Largely inspired by Ramit Sethi’s work on interview prep. I’m streamlining that down into a “standard operating procedure” to follow.
Before the Interview
1. Background info.
[Especially important for scholarships] For Singapore’s context, read the news a bit more. Read the budget, too. Check out the Industry Transformation Map to see where Singapore’s economy is heading in general.
Also, do some industry research. If you’re going for finance, read up about finance current affairs + what finance actually is. Clear up fuzziness about the topic.
Then, look at the company’s:
i. newsletters, press releases etc. the “media” section
ii. Internal newsletters
iii. Their values and mission
iv. LinkedIn (for step 2)
Continue reading “SOP for Interviews”
I’m referring to this conflict intervention workshop by CommaCon.
Bullyfree: A general resource for bullying
An interesting start to the workshop:
Facilitator listed down values that the participants (us) think is important, then asked us, “what would [that value, eg respect] mean to you particularly?”
In conflict intervention, listen. Listen to what the other party needs. He cited a TedTalk by Ernesto Sirolli (Want to Help Someone? Shut Up and Listen!) as an example.
How do we build trust? Confidentiality. The stories stay in the room.
Continue reading “Notes from CommaCon’s Conflict Intervention Workshop”
Below is my submission for Activia Training’s UK Scholarship.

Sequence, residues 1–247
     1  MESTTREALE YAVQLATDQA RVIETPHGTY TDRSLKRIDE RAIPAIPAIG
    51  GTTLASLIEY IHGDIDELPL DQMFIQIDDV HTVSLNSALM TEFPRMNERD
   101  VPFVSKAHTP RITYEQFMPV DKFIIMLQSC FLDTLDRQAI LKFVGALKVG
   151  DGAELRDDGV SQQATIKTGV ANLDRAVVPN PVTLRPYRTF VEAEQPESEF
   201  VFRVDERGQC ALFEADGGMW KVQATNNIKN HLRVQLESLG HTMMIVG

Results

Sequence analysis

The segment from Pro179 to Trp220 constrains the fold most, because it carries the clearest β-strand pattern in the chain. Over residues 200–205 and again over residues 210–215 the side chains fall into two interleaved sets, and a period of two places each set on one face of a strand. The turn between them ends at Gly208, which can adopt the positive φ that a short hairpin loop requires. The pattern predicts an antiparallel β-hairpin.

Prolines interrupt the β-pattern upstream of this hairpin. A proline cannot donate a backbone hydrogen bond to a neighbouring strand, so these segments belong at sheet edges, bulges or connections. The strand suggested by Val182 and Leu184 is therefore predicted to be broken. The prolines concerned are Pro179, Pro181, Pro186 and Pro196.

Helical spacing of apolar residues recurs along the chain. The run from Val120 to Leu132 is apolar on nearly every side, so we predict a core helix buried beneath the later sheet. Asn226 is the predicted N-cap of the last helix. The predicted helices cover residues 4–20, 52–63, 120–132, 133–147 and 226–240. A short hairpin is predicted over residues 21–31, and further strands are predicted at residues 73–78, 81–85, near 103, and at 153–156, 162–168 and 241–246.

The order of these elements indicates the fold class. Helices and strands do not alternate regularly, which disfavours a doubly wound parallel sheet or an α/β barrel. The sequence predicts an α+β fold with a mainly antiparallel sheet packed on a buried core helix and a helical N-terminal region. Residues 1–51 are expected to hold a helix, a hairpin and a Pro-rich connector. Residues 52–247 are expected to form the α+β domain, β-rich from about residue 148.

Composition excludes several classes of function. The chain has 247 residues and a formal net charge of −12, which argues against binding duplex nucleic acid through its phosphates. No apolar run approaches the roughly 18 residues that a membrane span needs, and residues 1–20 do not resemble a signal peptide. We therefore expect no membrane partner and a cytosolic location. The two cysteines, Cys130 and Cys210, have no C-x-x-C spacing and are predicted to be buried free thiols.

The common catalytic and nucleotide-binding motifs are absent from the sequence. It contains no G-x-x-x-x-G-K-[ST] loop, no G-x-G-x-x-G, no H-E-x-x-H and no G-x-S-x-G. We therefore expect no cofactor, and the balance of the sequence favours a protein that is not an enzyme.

Why is learning important to you and how has it impacted your life?
I am a cat. Curiosity killed me several times, but satisfaction has brought me back many times, too. When I was younger, Wikipedia’s hyperlinks were laser pointers aimed at a white wall, and I couldn’t help clicking on every link I saw. What’s behind all those links? I had to know and hunted them down. Simply put, learning was – and still is – my catnip.
Continue reading “An Ode to Learning”
For anyone in the same dilemma as me, I hope this post can show you the options we have to tackle this. The idea is to think about the problem in many different ways, then see which option ‘wins’ in each round, or what new ideas you’ve gotten.
Continue reading “Stay Local for Free, or Go Overseas and Fight to Pay? Calculating the ROI”
I’m referring to this advocacy workshop, called Rebel with a Cause, by CommaCon. It was a group of short talks by many different people.
REACH can be a good place to start to feedback to the government, along with writing in to newspapers and ministers themselves.
Continue reading “Notes from CommaCon’s Advocacy Workshop”
In Singapore, some bike parking places don’t have sheltered parking. Here’s how I made my own raincoat for my bike. Basically, I used an iron to meld two disposable raincoats together to make the raincoat.
Unfortunately I didn’t take photos of the process, so have some quick inside-of-the-envelope sketches (yes I drew them on an actual envelope and a letter).
Time taken: 3 hours (should be faster if you know what you’re doing. I was experimenting too.)
Continue reading “How to Make Your Own Bicycle Raincoat”